Two years ago, my sister Cheryl, who is in her 40s, discovered she was pregnant. Her only child was 26, and she had been told she could not have more children. So the pregnancy was a shock, but a welcome one. Our family was on a new journey.
Shortly after learning she was pregnant, Cheryl was told the baby had a heart condition, and likely Down syndrome. The diagnosis was confirmed a few weeks later. Then Cheryl developed pre-eclampsia, and Airleigh was born two months premature, weighing 5 pounds, 5 ounces and sporting a full head of spiky, black hair. She spent two months in the neonatal intensive care unit.
We constantly worried about Airleigh’s health, even after she had a successful open-heart surgery at the tender age of 8 months. As an attorney whose professional life involves guiding families through the legal and financial challenges of raising a child with special needs, I also worried for my sister’s family’s financial future.
There are so many unexpected expenses for a child with special needs. Many of the healthcare expenses are covered by Arizona Long Term Care insurance (a Medicaid program) if the child is eligible, but it doesn’t cover everything. I wanted to help my sister focus on her daughter without fear for their future.
I spoke to Cheryl, her husband and our family about drafting a special-needs trust. The idea was that family and friends would contribute monetary gifts on Airleigh’s birthday and Christmas, and we could direct any inheritance gifts there, too. We could build savings over time to protect her future.
When properly drafted, a special-needs trust is a way to give money to someone on government benefits without affecting their eligibility for those benefits. That means when Airleigh turns 18, and her financial assets are reviewed to determine her eligibility for need-based Medicaid or Social Security programs, the government can’t consider any money held for her in the special-needs trust. Without such a trust, adults applying for benefits cannot hold more than $2,000 in money or assets without losing their eligibility.
Everyone in our family was excited about the opportunity to do something that would make a meaningful difference for Airleigh. We have set up what’s called a “third-party special-needs trust” because all the money comes from our family — a third party. A first-party special-needs trust is needed when the beneficiary is receiving funds directly. For example, someone may have received compensation for debilitating injuries suffered in a car accident.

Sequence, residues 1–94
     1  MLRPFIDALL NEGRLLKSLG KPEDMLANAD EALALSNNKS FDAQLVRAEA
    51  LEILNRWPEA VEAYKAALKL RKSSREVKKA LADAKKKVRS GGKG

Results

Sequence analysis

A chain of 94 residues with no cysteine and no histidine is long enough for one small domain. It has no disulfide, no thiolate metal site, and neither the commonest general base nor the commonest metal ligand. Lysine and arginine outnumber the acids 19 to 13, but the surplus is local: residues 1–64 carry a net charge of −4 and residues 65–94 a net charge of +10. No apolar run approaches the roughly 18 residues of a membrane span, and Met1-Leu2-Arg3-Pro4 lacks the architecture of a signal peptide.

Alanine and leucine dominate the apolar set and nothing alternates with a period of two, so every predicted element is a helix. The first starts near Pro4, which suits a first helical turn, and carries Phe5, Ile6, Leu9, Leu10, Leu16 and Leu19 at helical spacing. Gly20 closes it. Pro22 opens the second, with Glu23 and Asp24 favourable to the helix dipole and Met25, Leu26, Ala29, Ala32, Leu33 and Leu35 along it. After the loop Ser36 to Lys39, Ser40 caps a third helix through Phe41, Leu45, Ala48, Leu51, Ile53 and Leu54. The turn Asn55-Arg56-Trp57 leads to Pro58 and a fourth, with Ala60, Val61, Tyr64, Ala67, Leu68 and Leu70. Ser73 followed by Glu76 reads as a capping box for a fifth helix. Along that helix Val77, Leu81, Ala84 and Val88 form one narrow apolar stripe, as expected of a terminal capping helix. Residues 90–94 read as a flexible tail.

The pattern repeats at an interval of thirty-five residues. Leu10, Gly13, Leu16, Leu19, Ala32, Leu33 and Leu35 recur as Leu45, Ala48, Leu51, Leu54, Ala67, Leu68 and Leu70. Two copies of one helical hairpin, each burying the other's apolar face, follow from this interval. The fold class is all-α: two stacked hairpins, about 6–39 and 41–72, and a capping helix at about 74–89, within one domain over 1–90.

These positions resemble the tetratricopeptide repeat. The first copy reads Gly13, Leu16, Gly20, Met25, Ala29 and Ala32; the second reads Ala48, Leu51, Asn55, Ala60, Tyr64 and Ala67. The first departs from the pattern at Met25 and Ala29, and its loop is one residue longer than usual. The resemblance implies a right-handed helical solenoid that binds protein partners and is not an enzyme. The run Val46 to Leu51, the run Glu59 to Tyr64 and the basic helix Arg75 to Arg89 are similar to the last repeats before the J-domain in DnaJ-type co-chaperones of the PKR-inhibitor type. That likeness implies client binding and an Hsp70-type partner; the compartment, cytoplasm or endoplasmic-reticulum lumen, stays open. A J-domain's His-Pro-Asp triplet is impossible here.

This distinction is important: If something were to happen to Airleigh, the government cannot claim the money from a third-party trust. It would have a claim on funds from a first-party trust.
Airleigh still gets gifts to open on her birthday and at Christmas, but we also put cash gifts in her trust. Each member of our family contributes what they can. Our goal is for the trust to grow while she is young and has adequate healthcare coverage. When she is an adult, these funds can be used for her postsecondary education, dental care, to go on a trip or to cover many other expenses not covered by government programs.
- Creating a special-needs trust by downloading forms off the internet can be dangerous. If done incorrectly, it can result in a person being denied benefits to which they are otherwise entitled.
- Once there is money in a special-needs trust, the amount must be reported to agencies, such as Medicaid, that provide benefits to the recipient. An annual review is required to to ensure funds withdrawn are being used properly.
- A special-needs trust does not have to be expensive and is usually done as part of an estate plan. It can be an amazing gift toward providing a future for a child with special needs while also providing a measure of financial relief for parents so they can focus on their child.
For those of you whose take-away is that I gave my beloved niece the most boring baby gift ever, I feel a need to defend myself. I also have bought adorable unicorn swimsuits, a super-cool stroller/car seat, a Fire tablet and other fun stuff. But the special-needs trust ensures that Airleigh will continue to have what she needs — and more — in the future.
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